"Darling, I heard about the tooth. You sound fine," she says reassuringly, which tells me that I must sound horrible.
"I'll try," I promise. Of course, I sound like I said "I fry." Jenny pretends not to notice.
"We made your cake and thank goodness we made two, because one was completely gobbled by the crew. Can you take a look at this recipe to make sure we have it down correctly?" Jenny gives me a card with the Chocolate Coca-Cola Cake recipe.
CHOCOLATE COCA-COLA CAKE
2 cups plain flour
2 cups sugar
A pinch of salt
2 sticks butter
3 tablespoons cocoa
1 cup Coca-Cola
1 1/2 cups
1/2 cup buttermilk
2 eggs, well beaten
1 teaspoon vanilla
1 stick butter
3 tablespoons cocoa
6 tablespoons Coca-Cola
1 pound powdered sugar
1 teaspoon vanilla
1. For cake: Combine flour, sugar and salt in a saucepan, combine and heat butter, cocoa, Coca-Cola and marshmallows until it begins to boil (add marshmallows last)...remove from heat and stir to dissolve marshmallows. Pour over sugar and flour, and blend well...add remaining cake ingredients and blend well. Pour into greased 9 x 13 pan and bake at 350° for 30 to 40 minutes.
2. For icing: Combine butter, cocoa and Coca-Cola in a saucepan and bring to a boil...mix with powdered sugar and vanilla till it makes a thin paste, then drizzle over the cake while it's hot from the oven.
A haggard stage manager (no more haggard-looking than me) bolts in. "Jen, you're on in five. Miss Martini..." He looks at me.
"What?" he says impatiently.
"Martinelli," Nigel says quickly. He implores the stage manager with a look that says, Isn't this one pathetic? Then looks at me sadly.
"You're up at the top of the show. The cake is a smash." The stage manager goes. "See there? The crew adores you already."
"Nigel, I can't talk."
Nigel looks at me as though he is one of those world leaders who wears a headset at the United Nations and is on tape delay for the translation. Once he figures out what I've actually said, he pipes up. "Oh, right, right. Just nod and smile a lot, and let Jenny run the show. You'll do fine."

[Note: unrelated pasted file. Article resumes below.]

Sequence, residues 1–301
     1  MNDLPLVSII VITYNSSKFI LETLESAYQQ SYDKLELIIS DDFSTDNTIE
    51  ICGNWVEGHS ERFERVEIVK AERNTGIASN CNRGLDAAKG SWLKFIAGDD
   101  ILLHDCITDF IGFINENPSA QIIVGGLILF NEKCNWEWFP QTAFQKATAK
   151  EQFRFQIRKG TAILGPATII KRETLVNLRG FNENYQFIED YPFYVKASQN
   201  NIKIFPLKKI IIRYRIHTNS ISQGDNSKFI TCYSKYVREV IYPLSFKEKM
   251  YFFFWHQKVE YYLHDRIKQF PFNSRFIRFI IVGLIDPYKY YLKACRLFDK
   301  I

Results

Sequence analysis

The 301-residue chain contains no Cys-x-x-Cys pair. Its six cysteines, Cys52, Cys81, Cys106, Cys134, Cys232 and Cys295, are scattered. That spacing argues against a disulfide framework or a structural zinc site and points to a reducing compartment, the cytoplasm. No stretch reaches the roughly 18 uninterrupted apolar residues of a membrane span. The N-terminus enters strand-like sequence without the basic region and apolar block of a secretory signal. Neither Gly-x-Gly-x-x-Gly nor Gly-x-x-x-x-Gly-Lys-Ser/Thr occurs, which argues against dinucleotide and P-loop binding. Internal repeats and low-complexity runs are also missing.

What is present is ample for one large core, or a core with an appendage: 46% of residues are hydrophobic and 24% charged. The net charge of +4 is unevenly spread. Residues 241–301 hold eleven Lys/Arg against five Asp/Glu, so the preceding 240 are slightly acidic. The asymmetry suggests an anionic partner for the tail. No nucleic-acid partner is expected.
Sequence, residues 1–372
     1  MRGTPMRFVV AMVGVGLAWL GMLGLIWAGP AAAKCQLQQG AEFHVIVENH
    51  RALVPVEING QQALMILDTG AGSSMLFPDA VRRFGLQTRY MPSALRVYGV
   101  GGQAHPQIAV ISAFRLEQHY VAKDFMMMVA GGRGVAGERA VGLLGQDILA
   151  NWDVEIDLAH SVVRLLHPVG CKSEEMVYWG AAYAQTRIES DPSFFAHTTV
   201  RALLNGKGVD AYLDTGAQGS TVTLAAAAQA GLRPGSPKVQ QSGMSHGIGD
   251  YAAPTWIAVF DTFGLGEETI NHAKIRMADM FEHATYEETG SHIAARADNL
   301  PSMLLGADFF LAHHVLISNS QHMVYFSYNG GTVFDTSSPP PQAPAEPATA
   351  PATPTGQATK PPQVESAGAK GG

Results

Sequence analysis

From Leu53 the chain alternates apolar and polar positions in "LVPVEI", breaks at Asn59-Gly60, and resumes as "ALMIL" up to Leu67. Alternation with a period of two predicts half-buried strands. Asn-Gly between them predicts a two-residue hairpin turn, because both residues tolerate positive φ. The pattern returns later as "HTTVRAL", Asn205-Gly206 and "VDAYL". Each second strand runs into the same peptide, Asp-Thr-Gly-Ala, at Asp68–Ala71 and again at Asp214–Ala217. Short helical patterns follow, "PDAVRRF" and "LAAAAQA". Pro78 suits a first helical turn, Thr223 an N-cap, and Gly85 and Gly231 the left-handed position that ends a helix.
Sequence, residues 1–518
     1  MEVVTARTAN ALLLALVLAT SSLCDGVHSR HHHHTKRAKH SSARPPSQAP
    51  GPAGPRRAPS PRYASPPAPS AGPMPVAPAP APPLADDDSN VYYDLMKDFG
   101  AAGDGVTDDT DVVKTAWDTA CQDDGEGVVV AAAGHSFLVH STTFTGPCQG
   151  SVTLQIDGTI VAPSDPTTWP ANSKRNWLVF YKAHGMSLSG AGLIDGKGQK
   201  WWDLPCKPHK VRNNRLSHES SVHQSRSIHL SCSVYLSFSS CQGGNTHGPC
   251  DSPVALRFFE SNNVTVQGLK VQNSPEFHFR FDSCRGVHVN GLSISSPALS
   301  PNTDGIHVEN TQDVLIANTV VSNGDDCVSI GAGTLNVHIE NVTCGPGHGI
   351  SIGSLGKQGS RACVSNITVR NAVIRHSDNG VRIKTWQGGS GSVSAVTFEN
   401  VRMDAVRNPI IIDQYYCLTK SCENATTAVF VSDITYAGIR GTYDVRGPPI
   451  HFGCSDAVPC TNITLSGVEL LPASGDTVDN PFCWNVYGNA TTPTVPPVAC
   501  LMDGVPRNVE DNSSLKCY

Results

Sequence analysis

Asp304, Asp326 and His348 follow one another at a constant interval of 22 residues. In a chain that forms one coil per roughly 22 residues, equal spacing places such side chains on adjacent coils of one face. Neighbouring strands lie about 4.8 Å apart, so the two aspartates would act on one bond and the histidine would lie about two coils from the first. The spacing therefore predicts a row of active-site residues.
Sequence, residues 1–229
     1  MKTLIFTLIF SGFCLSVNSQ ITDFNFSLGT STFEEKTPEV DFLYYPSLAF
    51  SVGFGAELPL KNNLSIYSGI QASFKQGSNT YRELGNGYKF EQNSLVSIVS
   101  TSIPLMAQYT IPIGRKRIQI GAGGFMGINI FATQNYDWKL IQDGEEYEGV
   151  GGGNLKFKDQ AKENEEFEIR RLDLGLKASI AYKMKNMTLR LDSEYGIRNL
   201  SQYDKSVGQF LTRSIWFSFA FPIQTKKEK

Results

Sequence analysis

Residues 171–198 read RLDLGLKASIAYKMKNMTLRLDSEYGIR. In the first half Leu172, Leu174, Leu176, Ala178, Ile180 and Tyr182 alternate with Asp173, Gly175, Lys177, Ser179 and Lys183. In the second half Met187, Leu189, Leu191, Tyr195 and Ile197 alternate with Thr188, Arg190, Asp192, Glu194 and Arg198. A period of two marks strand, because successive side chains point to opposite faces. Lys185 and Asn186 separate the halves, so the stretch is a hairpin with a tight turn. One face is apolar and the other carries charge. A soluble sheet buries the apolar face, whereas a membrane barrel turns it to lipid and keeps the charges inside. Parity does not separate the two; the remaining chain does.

Nigel leads me down a hallway and a set of metal stairs to a door marked studio. He pulls the door open and ushers me in first. Jenny is talking to the camera. "The show is live," Nigel whispers.
"Now you tell me?"
Suddenly the crew convenes on the stage, a glamorous stage kitchen with a gorgeous cooking island in the center. A team of men commences moving chairs and cameras and tables reconfiguring the lot. Jenny stands in the midst of the fray reading off cards. The stage manager grabs me and puts me in the center on a bar stool next to the cooking island. Two absolutely stunning male models stand by.
"Do you like my bookends?" Jenny winks at the male models.
"They're cute," I tell her. She gives me the same look of confusion that Nigel does, except she is quicker to decipher my poor speech.
"Yes, yes, cute. That's a very American way of putting it." Jenny laughs.
A young woman steps behind the camera and counts back from five.
"We have a treat for you this morning." Jenny speaks directly to the camera. "Anna Martinelli joins us from New York City. How do you like the UK?"
"Smashing." I smile to the camera. Catching my reflection in the monitor, I quickly move the bad jaw upstage so as not to frighten the viewers at home.
"Say hello to Jeff and Dino."
Instead of speaking, I nod to the handsome models.
Jeff, or is it Dino, looks into the camera, while slicing huge hunks of Chocolate Coca-Cola Cake and shoving it onto delicate bone china dessert plates. As they arrange it artfully on the dish, they explain the ingredients.
"What a sweet treat!" Jenny takes a bite.
"It's as if cake and fudge had a baby," I offer.
Jenny looks confused, as do the male models. "Oh quite right. Fudge and Cake had a baby."
"Jeff?" I ask.
"No, I'm Dino, he is Jeff."
"Is this the first time you baked?" Jeff and Dino instantly look confused.
"Do you know who we are?" Dino asks.
"You're...I don't know."
"We're chefs. I'm at the four star Brigadoon restaurant..." Dino begins.
"...And I own Winston's," Jeff adds.